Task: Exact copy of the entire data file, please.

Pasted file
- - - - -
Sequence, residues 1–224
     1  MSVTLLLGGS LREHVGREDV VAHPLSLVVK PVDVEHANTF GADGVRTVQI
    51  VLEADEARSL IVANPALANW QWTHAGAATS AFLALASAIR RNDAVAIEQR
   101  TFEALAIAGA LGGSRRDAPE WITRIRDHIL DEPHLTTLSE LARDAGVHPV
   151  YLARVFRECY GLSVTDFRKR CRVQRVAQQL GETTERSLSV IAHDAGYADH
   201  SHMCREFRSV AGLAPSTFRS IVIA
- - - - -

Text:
Sequence, residues 1–224
     1  MSVTLLLGGS LREHVGREDV VAHPLSLVVK PVDVEHANTF GADGVRTVQI
    51  VLEADEARSL IVANPALANW QWTHAGAATS AFLALASAIR RNDAVAIEQR
   101  TFEALAIAGA LGGSRRDAPE WITRIRDHIL DEPHLTTLSE LARDAGVHPV
   151  YLARVFRECY GLSVTDFRKR CRVQRVAQQL GETTERSLSV IAHDAGYADH
   201  SHMCREFRSV AGLAPSTFRS IVIA